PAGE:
Consistency in Weightlifting

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“It’s not what we do once in a while that shapes our lives. It’s what we do consistently” – Tony Robbins

Have you ever watched weightlifting competition? Here is how the competition goes: each athlete has to perform 2 types of lifts: snatch and clean & jerk. Each lift has 3 trials. It starts with snatch then followed by clean & jerk. If your lift failed and you need to do it again straight away, you have 2 minutes rest before the next lift.

If you see the competition rules, you will realise that an athlete trains the whole year – day in day out – just to perform 6 lifts on the platform. Their performance is judged by those 3 chances for each competition lift. You can lift 200 kg during training but if you miss 199 on the competition, then you won’t get what you aim. You miss the lift, you lost your chance to win.

In weightlifting sport, hitting the highest number is not the only goal. Consistency in hitting that number is a crucial factor that can’t be underestimated. Imagine you’re a weightlifting committee who decides who go to the Olympics to represent your country. Who would you choose? Athlete A who won gold medal in two out of five championship or athlete B who consistently be in the top three but only won one gold medal? Tricky decision to make but more likely, we’d like to secure a medal in any case, so I might choose athlete B.

Consistency comes with practice too. It happens by doing many repetition as identical as possible at different weight load.

A few months ago, my snatch consistency was quite bad above 50kg (it’s around 85% of my best). It took me around 1.5-2 months to build consistency which eventually rewarded me with new PR. What’s the trick? Volume, time box, and load control.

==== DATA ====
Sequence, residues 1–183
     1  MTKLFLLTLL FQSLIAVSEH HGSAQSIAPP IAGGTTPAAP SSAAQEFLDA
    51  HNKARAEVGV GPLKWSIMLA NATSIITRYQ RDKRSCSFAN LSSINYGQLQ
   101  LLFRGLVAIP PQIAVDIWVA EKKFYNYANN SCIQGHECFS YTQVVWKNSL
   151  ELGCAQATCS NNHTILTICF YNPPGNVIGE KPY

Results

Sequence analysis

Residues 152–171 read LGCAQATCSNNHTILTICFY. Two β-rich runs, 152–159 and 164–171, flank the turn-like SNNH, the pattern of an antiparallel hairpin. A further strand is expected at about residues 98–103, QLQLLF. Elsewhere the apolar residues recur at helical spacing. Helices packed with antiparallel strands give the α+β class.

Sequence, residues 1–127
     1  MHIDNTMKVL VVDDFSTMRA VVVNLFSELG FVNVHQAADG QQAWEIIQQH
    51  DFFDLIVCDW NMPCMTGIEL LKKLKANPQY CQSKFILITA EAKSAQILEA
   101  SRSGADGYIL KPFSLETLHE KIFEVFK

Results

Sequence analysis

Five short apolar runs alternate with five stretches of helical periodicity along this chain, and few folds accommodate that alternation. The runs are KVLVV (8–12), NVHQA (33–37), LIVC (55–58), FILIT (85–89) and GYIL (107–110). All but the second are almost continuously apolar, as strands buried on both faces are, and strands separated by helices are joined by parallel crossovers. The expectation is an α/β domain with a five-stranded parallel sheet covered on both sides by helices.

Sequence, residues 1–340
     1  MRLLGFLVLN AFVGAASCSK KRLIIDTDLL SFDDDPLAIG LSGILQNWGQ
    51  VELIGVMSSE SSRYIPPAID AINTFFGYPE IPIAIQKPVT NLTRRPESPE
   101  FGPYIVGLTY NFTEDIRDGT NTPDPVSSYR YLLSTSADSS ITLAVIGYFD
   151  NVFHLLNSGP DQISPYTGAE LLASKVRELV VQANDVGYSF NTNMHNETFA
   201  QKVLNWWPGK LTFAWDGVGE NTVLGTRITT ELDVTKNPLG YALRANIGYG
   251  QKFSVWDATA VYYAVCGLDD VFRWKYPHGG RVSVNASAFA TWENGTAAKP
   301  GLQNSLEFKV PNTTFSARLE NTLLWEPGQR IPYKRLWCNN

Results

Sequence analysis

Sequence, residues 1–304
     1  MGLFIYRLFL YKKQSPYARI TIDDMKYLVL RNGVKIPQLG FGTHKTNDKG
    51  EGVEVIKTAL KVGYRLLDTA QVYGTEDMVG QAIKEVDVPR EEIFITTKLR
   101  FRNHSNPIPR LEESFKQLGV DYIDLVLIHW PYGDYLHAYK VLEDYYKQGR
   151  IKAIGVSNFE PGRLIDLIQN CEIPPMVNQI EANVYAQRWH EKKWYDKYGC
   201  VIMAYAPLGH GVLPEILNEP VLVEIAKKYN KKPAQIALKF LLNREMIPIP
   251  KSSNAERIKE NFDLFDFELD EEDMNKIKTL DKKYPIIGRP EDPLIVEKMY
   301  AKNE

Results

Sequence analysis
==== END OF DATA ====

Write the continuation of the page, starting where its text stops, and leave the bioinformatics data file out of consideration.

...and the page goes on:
• I did more volume between 75% – 90%. I did less singles sets but did more doubles and triples, usually for 4-6 sets.
  • On top of that, I time box my rest between sets and make it shorter. I did every minute on the minute or every 75′ or every 90′ training type more often. The time box depends on the scale and repetition on each set.
  • Last, weight control. Sometimes but not always, I miss the lift because of psychological reason. It’s not my body can’t do it, it’s my mind plays me a trick. To trick my mind, I trained quite a lot between on 48kg – 52kg range. I did waves or I made sure I always do 52 when I feel good at least once a week so I am used with that weight.

Those three things allow me to have a more consistent lift for 85%+ and I am really pleased to find a method that work for me.

We sometimes underestimate the value of consistency. We think by doing something once, we will get what we want. Crash diet, for example. Eating less for a week or two, then hoping we lose x kgs, or read a book once then hoping our knowledge widen straight away. I am not a pro but let me tell you one thing: it’s not going to work.

Consistency come by repeating the same thing over and over and over again. It takes time to build it and it is one factor that brings us success, not only in weightlifting but also in life.

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